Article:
The Competitiveness of Uganda’s Non-traditional Agricultural Exports: The Case of Flowers Exports


  • Aaron Ecel Makerere University Business School
  • Dr. Dennis Nuwagaba Makerere University Business School
  • Edward Udhec Rubanga
  • Patrick Mudidi



Export Performance, Non-traditional Agricultural Exports, Flowers’ Exports, Uganda, Constant Market Share Analysis, Revealed Comparative Advantage


Flowers exports make a significant proportion of Uganda’s non-traditional agricultural export (NTAE) earnings. This study aimed to gain deeper insights into the extent to which the competitiveness of Uganda’s floricultural exports is associated with market distribution, commodity composition and competitiveness effect; and thus establish whether Uganda’s NTAEs are based on favourable commodity compositions, and are destined for relatively faster-growing markets. The data was extracted from the UN Comtrade database; and the base period was 2015–2018. For analysis, the study employed the Constant Market Share method that enables the identification of factors driving changes in export performance, and thus determine which factors are contributing positively or negatively to export growth. It also used the Revealed Comparative Advantage (RCA) index, which enabled a simple and straightforward comparison of competitiveness. The study finds that Uganda heavily relies on a single export market (Netherlands) for its earning from roses and unrooted cuttings. In the chosen base period, Uganda’s market share in the Netherlands increased by 2.4%, while that of roses’ exports declined by 9.2%. The favourable export performance of unrooted cuttings and slips were predominantly attributed to the commodity effect, which accounted for 62.9% of the export growth; while the unfavourable export performance of Uganda roses in the same base period was attributed to the competitiveness in the period (-221.6%). The results of the RCA showed that while both commodities enjoyed a comparative advantage in the base period, that of roses was steadily declining. The study was motivated by the need to increase gains from export diversification in the context of NTAEs, from the perspective of a country that predominantly relies on traditional agricultural commodities for its exports.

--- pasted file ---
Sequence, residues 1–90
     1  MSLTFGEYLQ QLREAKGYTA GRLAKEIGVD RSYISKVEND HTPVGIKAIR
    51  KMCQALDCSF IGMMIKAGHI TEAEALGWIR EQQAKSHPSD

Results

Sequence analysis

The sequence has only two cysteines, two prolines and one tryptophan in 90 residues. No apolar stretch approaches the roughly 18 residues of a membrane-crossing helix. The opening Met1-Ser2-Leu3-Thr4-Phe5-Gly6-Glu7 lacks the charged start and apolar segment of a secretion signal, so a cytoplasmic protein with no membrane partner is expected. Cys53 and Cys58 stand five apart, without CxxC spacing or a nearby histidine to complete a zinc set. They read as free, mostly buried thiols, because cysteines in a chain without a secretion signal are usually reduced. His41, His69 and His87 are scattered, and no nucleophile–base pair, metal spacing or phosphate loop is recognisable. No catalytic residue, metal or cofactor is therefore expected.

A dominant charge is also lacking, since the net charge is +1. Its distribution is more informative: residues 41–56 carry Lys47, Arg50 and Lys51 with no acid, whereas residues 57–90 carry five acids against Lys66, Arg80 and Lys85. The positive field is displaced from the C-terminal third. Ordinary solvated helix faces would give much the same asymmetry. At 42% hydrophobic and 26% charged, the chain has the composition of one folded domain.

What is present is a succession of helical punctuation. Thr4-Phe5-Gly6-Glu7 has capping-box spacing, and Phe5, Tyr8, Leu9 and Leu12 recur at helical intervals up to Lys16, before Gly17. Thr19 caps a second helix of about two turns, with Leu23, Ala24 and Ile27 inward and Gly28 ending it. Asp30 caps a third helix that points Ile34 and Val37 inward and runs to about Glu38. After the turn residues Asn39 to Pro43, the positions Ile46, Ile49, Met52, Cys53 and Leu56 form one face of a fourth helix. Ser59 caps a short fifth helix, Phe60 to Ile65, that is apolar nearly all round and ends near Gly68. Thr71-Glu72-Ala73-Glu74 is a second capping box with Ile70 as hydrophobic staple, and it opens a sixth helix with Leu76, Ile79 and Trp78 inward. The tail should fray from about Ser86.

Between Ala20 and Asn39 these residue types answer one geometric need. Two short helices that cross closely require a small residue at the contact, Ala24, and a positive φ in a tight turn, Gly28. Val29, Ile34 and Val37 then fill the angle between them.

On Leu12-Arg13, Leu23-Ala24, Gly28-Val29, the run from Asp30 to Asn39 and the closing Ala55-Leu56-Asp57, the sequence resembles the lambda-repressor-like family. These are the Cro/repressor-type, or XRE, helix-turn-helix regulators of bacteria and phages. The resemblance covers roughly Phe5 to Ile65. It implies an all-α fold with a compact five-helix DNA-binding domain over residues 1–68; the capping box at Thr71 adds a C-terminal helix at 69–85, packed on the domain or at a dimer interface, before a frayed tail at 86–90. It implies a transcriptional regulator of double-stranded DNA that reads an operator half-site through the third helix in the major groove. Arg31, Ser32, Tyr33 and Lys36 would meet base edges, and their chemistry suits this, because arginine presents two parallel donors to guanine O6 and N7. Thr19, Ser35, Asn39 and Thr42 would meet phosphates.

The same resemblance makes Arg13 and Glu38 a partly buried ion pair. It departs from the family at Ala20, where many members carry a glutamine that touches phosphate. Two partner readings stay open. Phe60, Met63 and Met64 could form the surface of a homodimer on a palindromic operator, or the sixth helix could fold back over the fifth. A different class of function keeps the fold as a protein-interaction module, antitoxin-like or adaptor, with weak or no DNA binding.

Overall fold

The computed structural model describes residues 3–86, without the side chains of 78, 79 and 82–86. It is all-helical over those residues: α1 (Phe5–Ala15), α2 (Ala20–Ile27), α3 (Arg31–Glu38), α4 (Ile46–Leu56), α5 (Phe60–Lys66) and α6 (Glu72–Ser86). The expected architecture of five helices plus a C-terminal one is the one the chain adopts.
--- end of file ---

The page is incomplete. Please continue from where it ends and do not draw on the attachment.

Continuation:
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How to Cite

Ecel, A., Nuwagaba, D., Rubanga, E. U., & Mudidi, P. (2024). The Competitiveness of Uganda’s Non-traditional Agricultural Exports: The Case of Flowers Exports. Tanzanian Economic Review, 13(2), 42–59.